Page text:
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Julie Payette's first year as governor general: critics say turbulent … – National Post

Months after reports emerged about concerns over how Payette was handling the job there are mixed views about whether the situation has improved
Last October, one week before the anniversary of Julie Payette’s swearing in as governor general, her Twitter account published a three-minute video showing footage of the former astronaut performing her duties, soundtracked by electronic music.
“A review of my first year as governor general that we are putting online a little earlier than planned!” said the tweet, which included a winking emoji.
“Thank you, fellow Canadians. It was quite a ride. But you know me. I like rides,” said Payette, addressing the camera at the end of the video. “Now, there is still a lot to do. Things to improve. People to see. So, on to the next.”
The rushed release of the video was the first salvo in what would become a months-long public relations push, launched in response to a flood of coverage from the National Post and other media in the preceding weeks that had made public some of the criticisms and concerns over Payette’s first year in office.
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A review of my first year as Governor General that we are putting online a little earlier than planned! 😉
Based on extensive conversations with a dozen sources with direct knowledge of Rideau Hall during Payette’s first year, the Post had reported that when the Prime Minister’s Office had become enamoured with the idea of making a female astronaut governor general, it failed to fully vet and prepare Payette for the role. The job had proven a poor fit for someone so fiercely protective of her privacy and personal time, and Payette was engaged in a constant struggle against the confines and expectations of the office.
Through that PR push, which played out in public appearances, on social media and in a series of media interviews, Rideau Hall tried to establish that Payette was not as unhappy in the job as sources had described, that she respected the traditions and protocols that come with the office and that accounts of the slow pace of work under Payette were just a result of poor communication.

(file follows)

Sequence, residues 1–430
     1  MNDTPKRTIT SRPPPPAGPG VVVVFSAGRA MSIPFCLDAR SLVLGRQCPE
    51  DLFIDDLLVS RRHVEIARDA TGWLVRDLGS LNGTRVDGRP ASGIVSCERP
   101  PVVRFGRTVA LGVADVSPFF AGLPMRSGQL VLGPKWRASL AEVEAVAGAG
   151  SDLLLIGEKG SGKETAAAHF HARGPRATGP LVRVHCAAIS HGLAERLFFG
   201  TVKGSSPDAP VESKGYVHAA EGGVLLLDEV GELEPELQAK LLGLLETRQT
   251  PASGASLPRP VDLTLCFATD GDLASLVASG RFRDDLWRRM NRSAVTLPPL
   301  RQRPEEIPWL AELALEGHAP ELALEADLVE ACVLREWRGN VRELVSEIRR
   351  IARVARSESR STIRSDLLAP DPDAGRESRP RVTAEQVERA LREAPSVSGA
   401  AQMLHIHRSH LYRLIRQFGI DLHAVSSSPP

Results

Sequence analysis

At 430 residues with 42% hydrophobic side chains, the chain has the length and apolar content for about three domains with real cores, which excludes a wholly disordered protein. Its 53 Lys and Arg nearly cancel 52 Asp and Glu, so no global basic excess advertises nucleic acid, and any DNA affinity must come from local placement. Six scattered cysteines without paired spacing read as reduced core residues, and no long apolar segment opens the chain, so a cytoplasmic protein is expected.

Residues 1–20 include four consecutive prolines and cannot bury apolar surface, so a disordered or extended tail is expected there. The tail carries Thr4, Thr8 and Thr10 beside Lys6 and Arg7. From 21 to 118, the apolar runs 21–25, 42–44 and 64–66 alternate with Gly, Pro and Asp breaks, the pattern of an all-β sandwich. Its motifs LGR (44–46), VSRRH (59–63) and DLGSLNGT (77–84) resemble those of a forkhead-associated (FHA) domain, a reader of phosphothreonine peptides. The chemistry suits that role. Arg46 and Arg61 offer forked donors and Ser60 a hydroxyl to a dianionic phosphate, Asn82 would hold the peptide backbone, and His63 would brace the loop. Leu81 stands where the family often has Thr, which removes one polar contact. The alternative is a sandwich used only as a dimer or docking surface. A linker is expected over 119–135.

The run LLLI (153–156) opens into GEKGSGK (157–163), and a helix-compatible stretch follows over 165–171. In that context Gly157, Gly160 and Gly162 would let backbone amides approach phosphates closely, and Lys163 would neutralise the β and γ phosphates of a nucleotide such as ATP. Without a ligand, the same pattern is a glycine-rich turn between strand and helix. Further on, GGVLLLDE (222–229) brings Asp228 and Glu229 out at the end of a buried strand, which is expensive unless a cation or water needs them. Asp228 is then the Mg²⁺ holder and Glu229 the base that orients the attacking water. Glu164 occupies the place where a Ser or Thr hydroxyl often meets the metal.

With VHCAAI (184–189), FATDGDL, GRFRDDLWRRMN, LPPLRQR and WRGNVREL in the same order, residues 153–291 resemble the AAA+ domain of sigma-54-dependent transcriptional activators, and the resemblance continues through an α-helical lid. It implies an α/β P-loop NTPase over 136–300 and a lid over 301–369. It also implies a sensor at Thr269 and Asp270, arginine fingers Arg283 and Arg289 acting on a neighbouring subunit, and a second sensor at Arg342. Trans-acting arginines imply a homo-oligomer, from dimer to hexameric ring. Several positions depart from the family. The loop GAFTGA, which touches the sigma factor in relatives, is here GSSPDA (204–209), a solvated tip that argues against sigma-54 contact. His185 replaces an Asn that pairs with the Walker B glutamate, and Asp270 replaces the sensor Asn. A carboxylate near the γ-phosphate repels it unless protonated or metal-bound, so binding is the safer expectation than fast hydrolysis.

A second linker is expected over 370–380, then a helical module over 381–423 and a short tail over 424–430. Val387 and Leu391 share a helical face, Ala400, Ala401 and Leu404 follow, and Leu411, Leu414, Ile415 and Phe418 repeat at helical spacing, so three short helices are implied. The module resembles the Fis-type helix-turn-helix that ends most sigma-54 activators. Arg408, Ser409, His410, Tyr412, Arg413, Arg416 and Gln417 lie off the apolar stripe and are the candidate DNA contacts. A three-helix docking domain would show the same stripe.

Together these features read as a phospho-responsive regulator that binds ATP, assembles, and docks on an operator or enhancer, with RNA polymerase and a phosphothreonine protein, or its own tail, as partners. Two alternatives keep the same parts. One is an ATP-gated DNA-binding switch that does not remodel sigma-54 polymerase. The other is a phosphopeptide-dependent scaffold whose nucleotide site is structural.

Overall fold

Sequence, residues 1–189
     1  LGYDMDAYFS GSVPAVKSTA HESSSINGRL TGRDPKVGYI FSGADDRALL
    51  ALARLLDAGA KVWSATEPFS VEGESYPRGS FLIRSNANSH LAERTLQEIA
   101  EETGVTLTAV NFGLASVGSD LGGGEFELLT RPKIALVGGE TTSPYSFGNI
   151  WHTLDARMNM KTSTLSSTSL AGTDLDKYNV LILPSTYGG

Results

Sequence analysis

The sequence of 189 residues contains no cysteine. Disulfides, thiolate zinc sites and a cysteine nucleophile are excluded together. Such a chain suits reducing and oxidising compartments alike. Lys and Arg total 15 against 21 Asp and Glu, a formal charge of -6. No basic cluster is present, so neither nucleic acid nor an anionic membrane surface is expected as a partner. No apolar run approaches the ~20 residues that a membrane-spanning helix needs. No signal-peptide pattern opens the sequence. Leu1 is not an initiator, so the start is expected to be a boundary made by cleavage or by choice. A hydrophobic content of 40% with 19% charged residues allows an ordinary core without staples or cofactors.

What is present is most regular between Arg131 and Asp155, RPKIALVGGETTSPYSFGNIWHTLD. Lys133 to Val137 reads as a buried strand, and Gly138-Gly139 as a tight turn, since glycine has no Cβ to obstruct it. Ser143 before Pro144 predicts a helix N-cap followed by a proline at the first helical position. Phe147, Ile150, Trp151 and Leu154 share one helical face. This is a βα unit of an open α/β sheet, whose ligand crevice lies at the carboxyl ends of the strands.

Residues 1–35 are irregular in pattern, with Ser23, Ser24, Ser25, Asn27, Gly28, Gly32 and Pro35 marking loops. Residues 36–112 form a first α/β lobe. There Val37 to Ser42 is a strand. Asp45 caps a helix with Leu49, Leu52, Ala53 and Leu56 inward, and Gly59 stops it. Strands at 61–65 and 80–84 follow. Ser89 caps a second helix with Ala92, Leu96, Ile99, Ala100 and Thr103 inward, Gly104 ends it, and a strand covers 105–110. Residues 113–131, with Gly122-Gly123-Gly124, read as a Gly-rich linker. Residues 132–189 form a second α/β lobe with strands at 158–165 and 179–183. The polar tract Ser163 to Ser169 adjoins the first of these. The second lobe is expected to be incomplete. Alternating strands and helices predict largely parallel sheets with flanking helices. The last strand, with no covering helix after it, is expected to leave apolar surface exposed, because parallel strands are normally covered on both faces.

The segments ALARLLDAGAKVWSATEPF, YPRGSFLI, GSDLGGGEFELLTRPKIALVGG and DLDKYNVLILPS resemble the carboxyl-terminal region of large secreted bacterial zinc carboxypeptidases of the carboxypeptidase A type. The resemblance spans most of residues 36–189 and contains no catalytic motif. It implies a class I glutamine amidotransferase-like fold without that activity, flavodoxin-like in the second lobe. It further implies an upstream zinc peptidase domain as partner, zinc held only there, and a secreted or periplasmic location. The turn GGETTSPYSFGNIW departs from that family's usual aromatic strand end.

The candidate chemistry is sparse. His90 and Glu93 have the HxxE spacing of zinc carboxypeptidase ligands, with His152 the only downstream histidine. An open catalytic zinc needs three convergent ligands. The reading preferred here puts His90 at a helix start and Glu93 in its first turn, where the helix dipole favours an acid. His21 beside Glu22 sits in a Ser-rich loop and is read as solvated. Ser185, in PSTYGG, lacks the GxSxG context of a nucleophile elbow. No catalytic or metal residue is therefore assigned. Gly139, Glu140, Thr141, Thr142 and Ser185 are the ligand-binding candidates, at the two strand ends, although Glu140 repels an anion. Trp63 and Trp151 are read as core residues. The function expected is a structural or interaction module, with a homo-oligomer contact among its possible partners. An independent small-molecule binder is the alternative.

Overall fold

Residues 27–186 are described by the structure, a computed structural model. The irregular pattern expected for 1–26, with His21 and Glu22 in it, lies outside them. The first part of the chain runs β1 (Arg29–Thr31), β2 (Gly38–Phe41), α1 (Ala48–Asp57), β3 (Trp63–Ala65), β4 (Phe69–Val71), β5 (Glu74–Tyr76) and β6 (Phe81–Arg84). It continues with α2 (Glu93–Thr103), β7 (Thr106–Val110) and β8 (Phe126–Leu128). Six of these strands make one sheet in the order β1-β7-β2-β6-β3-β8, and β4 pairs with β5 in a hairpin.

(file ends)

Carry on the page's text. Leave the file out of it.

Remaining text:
However, among the sources who spoke with the Post — who have been granted anonymity in order to discuss matters about which they are not authorized to speak publicly — there are mixed views about whether the situation has in fact improved.
The onslaught of negative coverage in the Post and other media outlets was difficult on Rideau Hall staff, sources said. Other governors general have seen their share of controversies, but none had seen a first year as rocky as Payette’s.
Two sources with knowledge of Rideau Hall independently used the phrase “witch hunt” to describe an effort carried out at Rideau Hall in the wake of the Post’s reporting to try to figure out who had been talking to the press. A third source said the media coverage did not appear to prompt much change internally, and felt Payette still lacks “a realistic understanding of what the role is.”
Yet some Rideau Hall staff felt relief that the tensions were finally being aired, according to one source. It prompted Payette to start becoming more publicly visible and accessible. She has since put more effort into managing her image and message as governor general, something advisers had unsuccessfully urged her to do in the past.
Over the past few months, Payette has given more media interviews than during the entire first year of her tenure. Her social media accounts have been engaging and active; her Twitter account was 60 per cent more active this autumn, in the aftermath of the media reports, than it was in fall 2017. She has doubled down on her position, saying she is proud to have been appointed to her role and has no intention of leaving it.
She did admit in a late September CTV interview that she knew little about the responsibilities of governor general before saying yes, within 24 hours, to the prime minister’s request. She acknowledged there have been “missteps,” but also said it has been a productive year and her challenge over the next few months would be to “communicate better.”
In a December interview with The Canadian Press, Payette rejected the premise that she’d had a “turbulent” first year in office, a word the Post used to describe it. “It was very busy — very, very busy — but turbulent? That’s an interesting adjective,” she told CP. “Maybe what caught me by surprise is that I have never been in a setting where you have to talk about what you’re doing.”
And in a French interview with Radio-Canada, she suggested that she is being held to a different standard because she is a woman. She rejected comparisons to previous governors general, noting she came in as a single mother of a teenager, and said she often works 12-hour days, recently working for 20 days straight without a break.
Payette declined to speak to the Post. In response to a list of questions for this story, her spokeswoman, Ashlee Smith, declined to answer in specifics. (Smith was hired this fall as a press secretary for Payette specifically, not Rideau Hall, the institution that hosts the governor general. This is not unprecedented; Adrienne Clarkson, for example, also hired a personal press secretary.)
“It is unclear as to why the National Post, alone, continues to pursue this unsubstantiated narrative, when the governor general has demonstrated throughout the year that she takes her responsibilities seriously and is committed to serving Canadians in an active and efficient manner,” said the statement.